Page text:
A Rule of Life
By Patricia Brandon
Publication Date: April 21st 2021
Publisher: Independently Published
Page Length: 324 Pages
Genre: Historical Fiction
1919 - Could a local murder, an attempted kidnapping, and a strange and macabre ritual, brought to Appalachia from Europe, have anything to do with missing youth?
The Great War and the Spanish Flu pandemic have just ended, soon to give way to Prohibition, the riots of Red Summer, the culmination of Women's Suffrage. A new camp for girls has just begun in the mountains of western North Carolina. Camp counselor Tricia Grimball seeks both adventure and escape from her predictable life back home. What she finds is far more than she could have ever imagined.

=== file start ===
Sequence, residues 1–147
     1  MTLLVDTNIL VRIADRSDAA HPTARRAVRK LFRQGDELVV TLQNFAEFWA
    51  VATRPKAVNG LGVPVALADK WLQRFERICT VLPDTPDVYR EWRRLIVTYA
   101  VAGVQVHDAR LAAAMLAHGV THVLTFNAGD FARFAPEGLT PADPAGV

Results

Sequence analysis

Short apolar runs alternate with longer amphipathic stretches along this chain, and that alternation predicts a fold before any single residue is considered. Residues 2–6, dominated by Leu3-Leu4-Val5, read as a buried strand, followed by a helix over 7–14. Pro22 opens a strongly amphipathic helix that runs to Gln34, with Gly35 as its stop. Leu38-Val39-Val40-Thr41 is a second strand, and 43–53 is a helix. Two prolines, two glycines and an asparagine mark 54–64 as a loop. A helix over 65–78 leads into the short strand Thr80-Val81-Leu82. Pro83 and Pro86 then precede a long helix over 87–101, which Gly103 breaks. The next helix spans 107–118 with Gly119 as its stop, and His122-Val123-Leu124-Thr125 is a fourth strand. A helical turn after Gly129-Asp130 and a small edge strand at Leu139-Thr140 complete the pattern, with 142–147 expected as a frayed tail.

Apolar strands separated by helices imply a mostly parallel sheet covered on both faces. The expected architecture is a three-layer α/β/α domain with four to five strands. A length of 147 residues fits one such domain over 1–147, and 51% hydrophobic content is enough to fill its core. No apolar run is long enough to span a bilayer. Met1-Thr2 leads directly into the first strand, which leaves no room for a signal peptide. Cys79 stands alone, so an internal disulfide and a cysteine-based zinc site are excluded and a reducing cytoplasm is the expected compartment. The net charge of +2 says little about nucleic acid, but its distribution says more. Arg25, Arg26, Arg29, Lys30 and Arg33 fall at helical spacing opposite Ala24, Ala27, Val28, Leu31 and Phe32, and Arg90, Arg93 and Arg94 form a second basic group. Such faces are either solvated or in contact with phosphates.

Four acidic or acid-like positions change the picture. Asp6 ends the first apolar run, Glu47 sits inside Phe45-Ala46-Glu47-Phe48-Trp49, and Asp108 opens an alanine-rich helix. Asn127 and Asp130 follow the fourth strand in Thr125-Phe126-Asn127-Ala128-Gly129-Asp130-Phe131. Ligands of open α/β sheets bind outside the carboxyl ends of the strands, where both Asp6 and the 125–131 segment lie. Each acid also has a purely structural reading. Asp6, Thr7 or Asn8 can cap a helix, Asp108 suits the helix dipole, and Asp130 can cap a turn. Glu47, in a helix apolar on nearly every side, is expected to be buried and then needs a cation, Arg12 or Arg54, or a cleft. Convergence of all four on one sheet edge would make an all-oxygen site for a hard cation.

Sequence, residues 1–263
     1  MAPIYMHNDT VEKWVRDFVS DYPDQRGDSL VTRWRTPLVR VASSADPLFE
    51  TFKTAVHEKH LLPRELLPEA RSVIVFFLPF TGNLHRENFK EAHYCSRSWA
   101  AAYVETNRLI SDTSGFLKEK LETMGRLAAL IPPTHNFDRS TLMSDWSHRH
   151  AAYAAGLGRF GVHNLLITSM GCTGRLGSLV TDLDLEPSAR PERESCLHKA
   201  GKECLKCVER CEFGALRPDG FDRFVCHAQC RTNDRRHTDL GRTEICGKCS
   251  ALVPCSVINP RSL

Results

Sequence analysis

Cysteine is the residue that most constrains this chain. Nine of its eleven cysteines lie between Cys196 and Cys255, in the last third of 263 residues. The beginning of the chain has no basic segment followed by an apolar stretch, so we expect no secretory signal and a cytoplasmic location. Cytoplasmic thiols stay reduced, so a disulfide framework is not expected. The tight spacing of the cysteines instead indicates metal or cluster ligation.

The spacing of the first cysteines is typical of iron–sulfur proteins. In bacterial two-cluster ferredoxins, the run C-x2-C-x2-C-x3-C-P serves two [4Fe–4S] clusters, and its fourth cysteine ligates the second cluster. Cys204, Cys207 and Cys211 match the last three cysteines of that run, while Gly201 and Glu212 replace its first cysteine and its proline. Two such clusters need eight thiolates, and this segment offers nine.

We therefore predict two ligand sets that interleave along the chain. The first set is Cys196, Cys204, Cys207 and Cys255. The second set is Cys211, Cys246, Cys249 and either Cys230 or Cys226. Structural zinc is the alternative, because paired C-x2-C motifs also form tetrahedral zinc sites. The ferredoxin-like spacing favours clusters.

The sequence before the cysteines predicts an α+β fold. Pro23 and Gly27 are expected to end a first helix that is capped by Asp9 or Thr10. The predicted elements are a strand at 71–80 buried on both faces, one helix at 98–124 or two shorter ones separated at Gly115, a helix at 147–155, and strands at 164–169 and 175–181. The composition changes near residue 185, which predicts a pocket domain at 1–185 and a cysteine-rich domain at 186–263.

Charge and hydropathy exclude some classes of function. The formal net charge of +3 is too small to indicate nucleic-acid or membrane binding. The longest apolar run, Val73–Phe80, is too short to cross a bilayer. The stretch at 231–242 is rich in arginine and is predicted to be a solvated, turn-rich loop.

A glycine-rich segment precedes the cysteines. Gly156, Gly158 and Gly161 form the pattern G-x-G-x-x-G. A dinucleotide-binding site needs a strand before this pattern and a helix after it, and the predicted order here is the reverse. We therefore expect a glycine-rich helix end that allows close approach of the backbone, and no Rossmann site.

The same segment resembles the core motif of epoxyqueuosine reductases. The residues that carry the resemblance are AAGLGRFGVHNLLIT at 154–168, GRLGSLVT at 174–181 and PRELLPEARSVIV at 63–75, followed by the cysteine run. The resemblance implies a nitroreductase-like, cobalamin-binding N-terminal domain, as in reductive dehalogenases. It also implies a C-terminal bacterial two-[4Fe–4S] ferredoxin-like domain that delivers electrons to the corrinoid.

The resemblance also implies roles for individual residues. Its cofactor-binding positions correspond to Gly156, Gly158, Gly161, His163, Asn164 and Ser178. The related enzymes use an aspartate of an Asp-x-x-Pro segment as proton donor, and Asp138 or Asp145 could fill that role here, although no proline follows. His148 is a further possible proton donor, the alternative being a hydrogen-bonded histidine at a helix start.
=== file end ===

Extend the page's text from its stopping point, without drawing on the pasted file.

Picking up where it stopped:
A coming of age story of friendship, sacrifice, faith, forgiveness – and love.
Otha Moses, the camp cook, wiped her hands on a stained apron, handed the young counselor a plate of fresh oatmeal cookies, then crossed sturdy ebony arms. The alfresco kitchen in the mountain woods and the rush of a proximate waterfall insulated yet another conversation with the preoccupied young counselor. Soul searching, this one seems to be, always curious.
“Now, I ain’t one to talk,” Otha began, “but I don’t believe Harvey Bryson carried that child to Doc Halsted like he said. He and that no-count white trash, Chester Graves, ain’t never done nothin’ good.”
“So, it’s true?” Tricia Grimball frowned, fluffing long dark hair from underneath her gray uniform camp shirt. “A girl was attacked in town last night and that man, Chester, was killed?”